|A fisherman at dusk in his shikara with the Hazratbal Mosque in the background.|
In 2008, photographer John Isaac published a book, The Vale of Kashmir. Its 160 images are the product of five years of dedicated photography, encompassing 11 trips to the troubled region—a valley straddling the border of India and Pakistan. The images provide a glimpse into life in Kashmir, both from the intimate perspective of its people and the broader landscape that shapes the culture. The book was a daunting undertaking, especially for a retired photographer.
After a 30-year career, including 20 years photographing for the United Nations in some of the most turbulent regions of the world, Isaac wanted to get away from photojournalism. Kashmir drew him back.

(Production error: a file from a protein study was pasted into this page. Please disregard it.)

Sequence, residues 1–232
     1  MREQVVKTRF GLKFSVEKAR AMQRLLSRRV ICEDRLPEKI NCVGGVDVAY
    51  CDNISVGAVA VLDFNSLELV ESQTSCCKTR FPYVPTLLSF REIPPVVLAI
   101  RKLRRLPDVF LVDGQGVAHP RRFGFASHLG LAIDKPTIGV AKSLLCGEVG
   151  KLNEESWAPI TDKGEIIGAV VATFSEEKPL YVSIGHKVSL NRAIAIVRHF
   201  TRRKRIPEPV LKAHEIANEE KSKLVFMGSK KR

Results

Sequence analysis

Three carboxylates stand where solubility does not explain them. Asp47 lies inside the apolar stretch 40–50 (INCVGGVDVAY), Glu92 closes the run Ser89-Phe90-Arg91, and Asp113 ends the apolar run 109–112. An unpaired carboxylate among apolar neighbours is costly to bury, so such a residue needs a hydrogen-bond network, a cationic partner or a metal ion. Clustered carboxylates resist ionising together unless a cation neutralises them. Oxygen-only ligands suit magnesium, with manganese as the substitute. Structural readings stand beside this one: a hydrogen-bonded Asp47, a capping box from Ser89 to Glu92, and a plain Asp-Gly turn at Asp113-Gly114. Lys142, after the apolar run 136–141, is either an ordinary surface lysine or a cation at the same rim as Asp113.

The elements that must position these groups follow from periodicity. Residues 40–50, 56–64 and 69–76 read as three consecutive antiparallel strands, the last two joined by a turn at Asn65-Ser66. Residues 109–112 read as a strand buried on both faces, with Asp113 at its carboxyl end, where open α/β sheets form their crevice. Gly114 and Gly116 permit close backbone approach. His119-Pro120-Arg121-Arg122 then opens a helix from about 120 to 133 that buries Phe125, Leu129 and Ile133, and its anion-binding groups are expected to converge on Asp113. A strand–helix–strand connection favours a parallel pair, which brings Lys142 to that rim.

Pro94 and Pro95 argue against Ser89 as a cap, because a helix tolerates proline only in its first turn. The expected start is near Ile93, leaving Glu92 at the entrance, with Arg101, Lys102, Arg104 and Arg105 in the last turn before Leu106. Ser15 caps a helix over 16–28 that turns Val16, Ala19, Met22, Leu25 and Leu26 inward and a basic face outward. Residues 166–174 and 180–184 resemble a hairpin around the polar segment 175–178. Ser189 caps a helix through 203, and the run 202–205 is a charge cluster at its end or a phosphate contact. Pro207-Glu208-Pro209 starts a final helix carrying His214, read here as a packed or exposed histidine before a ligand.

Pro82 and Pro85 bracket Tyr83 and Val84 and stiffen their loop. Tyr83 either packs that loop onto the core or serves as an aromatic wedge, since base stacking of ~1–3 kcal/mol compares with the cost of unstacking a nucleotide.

At 66, Isaac attributes the project’s success in large part to digital technology—namely, the fact that the cameras he used incorporate the Four Thirds sensor, making the whole system smaller, lighter and easier for travel.
“I’ve been working with Olympus closely for the last 10 years,” says Isaac, “and it’s very convenient for me because their cameras are much smaller. The whole Kashmir book I did with the Olympus E-1, which was a 5-megapixel camera. So all my double-page spreads, all that was shot with 5 megapixels. I wanted to prove a point that if you’re careful in your cropping and the way you shoot, you can make a coffee-table book with a 5-megapixel camera. So I’m proud, and Olympus was very proud, too.”
Koranic school in a Tibetan Muslim home in Srinigar.
In 2007, Indian-born Isaac became a naturalized citizen after 40 years in the U.S. Though he has traveled the globe for decades, he had only seen Kashmir in pictures. Its troubled history includes a recent label as a center of terrorism—a misrepresentation, according to Isaac, who attributes such strife to outside forces.